• write an essay demonstrating the ability to organise ideas in a logical and coherent sequence in sustained prose and critically analyse arguments; ï‚·
  • communicate information, ideas and arguments both orally and in writing; ï‚·
  • independently gather, process and reference information from a variety of paper, audio-visual and electronic resources; ï‚·
  • use IT effectively both as a means of communication and as an aid to learning.

Modes of Teaching, Learning and Assessment and how these contribute to the learning outcomes of the module

  • This module is delivered through seminar style classes and multimedia lab sessions. ï‚·
  • Contact time will be used to introduce new material and provide the students with high quality target language input from the module tutor and multimedia sources. ï‚·
  • Small group teaching (up to 15 students) will allow for the development of oral/aural skills as it offers all students the chance to participate in various communicative activities in pairs and groups. ï‚·
  • Ideally, seminar sessions would be particularly suitable in classrooms equipped with interactive white board facilities as it will allow the module tutor to put into place communicative activities stimulating the students and encouraging them to fully participate in the class. ï‚·
  • In preparation for each session students will be expected to revise new material and complete formative language exercises. ï‚·
  • The assessment scheme for this module is designed to test students' level of attainment in language production (speaking and writing) and reception (listening and reading). In order to reflect the continuous nature of the language learning process the module will be assessed by a combination of formative and summative in-course assessment and by formal written examination.

Teaching Methods and Learning Hours

Activity Number Frequency Duration Total/Hours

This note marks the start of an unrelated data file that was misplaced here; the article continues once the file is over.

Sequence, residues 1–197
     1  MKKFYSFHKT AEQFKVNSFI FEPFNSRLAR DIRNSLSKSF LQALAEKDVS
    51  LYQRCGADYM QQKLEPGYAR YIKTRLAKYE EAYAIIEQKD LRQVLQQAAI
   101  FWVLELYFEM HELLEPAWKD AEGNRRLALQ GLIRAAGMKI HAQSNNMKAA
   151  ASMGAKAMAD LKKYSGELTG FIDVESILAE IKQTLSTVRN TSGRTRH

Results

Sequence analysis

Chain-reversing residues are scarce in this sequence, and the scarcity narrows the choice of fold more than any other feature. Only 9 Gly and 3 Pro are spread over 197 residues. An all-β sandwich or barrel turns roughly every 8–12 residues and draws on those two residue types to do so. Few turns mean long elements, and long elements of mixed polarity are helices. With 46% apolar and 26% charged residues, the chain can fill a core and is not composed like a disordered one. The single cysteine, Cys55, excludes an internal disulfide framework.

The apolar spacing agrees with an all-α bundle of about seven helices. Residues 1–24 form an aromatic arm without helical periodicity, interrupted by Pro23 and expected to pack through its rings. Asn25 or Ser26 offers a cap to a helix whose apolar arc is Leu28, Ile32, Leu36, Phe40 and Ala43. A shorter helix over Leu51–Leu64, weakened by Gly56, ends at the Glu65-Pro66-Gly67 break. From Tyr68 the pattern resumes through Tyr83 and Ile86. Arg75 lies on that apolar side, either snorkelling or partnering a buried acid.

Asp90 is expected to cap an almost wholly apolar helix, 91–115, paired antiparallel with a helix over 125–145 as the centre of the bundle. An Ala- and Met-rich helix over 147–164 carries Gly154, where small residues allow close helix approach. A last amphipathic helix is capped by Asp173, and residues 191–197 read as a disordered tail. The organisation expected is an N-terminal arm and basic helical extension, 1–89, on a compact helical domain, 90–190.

Topic-based Comprehension and Textual Analysis 21 1 per week 1 hour 21
Grammar and Written Practice 21 1 per week 1 hour 21
Listening Practice 21 1 per week 1 hour 21
Preparation and Reading 137
Total 200

Summative Assessment

Component: Written Examination Component Weighting: 60%
Element Length / duration Element Weighting Resit Opportunity
Written Exam 2 hours 100% Yes
Component: Oral Examination Component Weighting: 20%
Element Length / duration Element Weighting Resit Opportunity
Oral Examination 10 minutes 100% Yes
Component: Listening Comprehension Component Weighting: 20%
Element Length / duration Element Weighting Resit Opportunity
Listening Comprehension 1 hour 100% Yes

Formative Assessment:

Regular homework/assignments will be given to the students to practise and consolidate what they have done in class and to prepare the following session. There will be formal formative assessment: Listening Comprehension test or Comprehension/Translation test. These will be recorded. Marked scripts will be returned to students.

Attendance at all activities marked with this symbol will be monitored. Students who fail to attend these activities, or to complete the summative or formative assessment specified above, will be subject to the procedures defined in the University's General Regulation V, and may be required to leave the University